|Image Credit: NASA/JPL-Caltech/Univ. of Arizona|
NASA's Mars Curiosity rover has reached the Red Planet's Mount Sharp, a Mount-Rainier-size mountain at the center of the vast Gale Crater and the rover mission's long-term prime destination. Jim Green, director of NASA's Planetary Science Division at NASA Headquarters in Washington, said, "Curiosity now will begin a new chapter from an already outstanding introduction to the world." Curiosity’s trek up the mountain will begin with an examination of the mountain's lower slopes.
The rover is starting this process at an entry point near an outcrop called Pahrump Hills, rather than continuing on to the previously-planned, further entry point known as Murray Buttes. Both entry points lay along a boundary where the southern base layer of the mountain meets crater-floor deposits washed down from the crater’s northern rim.
The image above shows the old and new routes of NASA's Mars Curiosity rover This new route provides excellent access to many features in the Murray Formation. And it will eventually pass by the Murray Formation's namesake, Murray Buttes, previously considered to be the entry point to Mt. Sharp.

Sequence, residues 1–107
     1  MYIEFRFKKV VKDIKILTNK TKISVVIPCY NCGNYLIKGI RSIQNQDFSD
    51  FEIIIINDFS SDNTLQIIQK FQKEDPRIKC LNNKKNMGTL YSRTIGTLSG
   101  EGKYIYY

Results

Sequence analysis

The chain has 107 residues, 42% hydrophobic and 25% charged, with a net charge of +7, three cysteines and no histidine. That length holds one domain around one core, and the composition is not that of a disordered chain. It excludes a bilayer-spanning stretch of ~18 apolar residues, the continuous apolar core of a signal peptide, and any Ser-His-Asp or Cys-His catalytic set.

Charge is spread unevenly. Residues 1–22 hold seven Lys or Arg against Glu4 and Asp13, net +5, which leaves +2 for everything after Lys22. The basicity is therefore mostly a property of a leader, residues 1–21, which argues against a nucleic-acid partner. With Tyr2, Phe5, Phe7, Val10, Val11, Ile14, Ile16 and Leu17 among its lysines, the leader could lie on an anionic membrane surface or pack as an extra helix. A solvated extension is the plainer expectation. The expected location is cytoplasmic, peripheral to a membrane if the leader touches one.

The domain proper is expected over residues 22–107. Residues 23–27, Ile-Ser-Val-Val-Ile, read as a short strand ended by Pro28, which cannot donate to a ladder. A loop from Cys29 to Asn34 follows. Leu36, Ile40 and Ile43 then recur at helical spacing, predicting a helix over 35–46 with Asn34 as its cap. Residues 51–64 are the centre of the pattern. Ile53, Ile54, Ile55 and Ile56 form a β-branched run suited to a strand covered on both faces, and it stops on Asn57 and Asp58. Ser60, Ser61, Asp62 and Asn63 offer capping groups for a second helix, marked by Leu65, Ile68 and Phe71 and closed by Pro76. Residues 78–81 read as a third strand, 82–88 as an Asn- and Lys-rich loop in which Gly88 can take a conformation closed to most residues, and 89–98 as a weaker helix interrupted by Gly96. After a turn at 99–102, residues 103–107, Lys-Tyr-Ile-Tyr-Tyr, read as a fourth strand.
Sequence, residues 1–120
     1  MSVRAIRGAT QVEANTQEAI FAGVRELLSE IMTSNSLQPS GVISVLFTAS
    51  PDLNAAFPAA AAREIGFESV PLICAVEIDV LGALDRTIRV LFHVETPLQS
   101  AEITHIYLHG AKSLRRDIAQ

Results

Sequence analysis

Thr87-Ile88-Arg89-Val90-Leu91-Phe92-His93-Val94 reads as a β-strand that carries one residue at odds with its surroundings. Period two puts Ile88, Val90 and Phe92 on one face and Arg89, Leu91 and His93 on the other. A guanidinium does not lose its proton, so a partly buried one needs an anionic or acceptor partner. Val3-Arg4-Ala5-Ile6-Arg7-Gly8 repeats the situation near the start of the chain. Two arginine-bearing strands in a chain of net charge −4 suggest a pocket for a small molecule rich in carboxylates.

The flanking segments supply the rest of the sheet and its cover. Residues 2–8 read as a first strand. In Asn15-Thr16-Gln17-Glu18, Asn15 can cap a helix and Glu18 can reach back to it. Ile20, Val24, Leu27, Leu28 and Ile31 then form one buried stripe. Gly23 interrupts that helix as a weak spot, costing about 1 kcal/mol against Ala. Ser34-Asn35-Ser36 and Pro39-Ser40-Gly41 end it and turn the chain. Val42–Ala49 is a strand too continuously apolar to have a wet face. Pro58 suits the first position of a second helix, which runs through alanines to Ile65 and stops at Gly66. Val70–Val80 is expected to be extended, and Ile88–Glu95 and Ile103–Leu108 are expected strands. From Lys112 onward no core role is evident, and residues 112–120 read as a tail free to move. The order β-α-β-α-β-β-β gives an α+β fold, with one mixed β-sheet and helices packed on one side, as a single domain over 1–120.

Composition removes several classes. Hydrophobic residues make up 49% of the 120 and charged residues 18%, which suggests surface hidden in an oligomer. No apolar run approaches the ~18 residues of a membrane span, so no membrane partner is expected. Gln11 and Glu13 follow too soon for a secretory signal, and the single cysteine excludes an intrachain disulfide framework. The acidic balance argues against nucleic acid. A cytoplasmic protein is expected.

Curiosity made its first close-up study last month of two Murray Formation outcrops, both revealing notable differences from the terrain explored by Curiosity during the past year. The first outcrop, called Bonanza King, proved too unstable for drilling, but was examined by the rover’s instruments and determined to have high silicon content. A second outcrop, examined with the rover's telephoto Mast Camera, revealed a fine-grained, platy surface laced with sulfate-filled veins.
While some of these terrain differences are not apparent in observations made by NASA's Mars orbiters, the rover team still relies heavily on images taken by the agency’s Mars Reconnaissance Orbiter (MRO) to plan Curiosity’s travel routes and locations for study.
NASA's Mars Science Laboratory Project continues to use Curiosity to assess ancient habitable environments and major changes in Martian environmental conditions. The destinations on Mount Sharp offer a series of geological layers that recorded different chapters in the environmental evolution of Mars.
The Mars Exploration Rover Project is one element of NASA's ongoing preparation for a human mission to the Red Planet in the 2030s. JPL built Curiosity and manages the project and MRO for NASA's Science
Mission Directorate in Washington.
For more information about Curiosity, visit http://www.nasa.gov/msl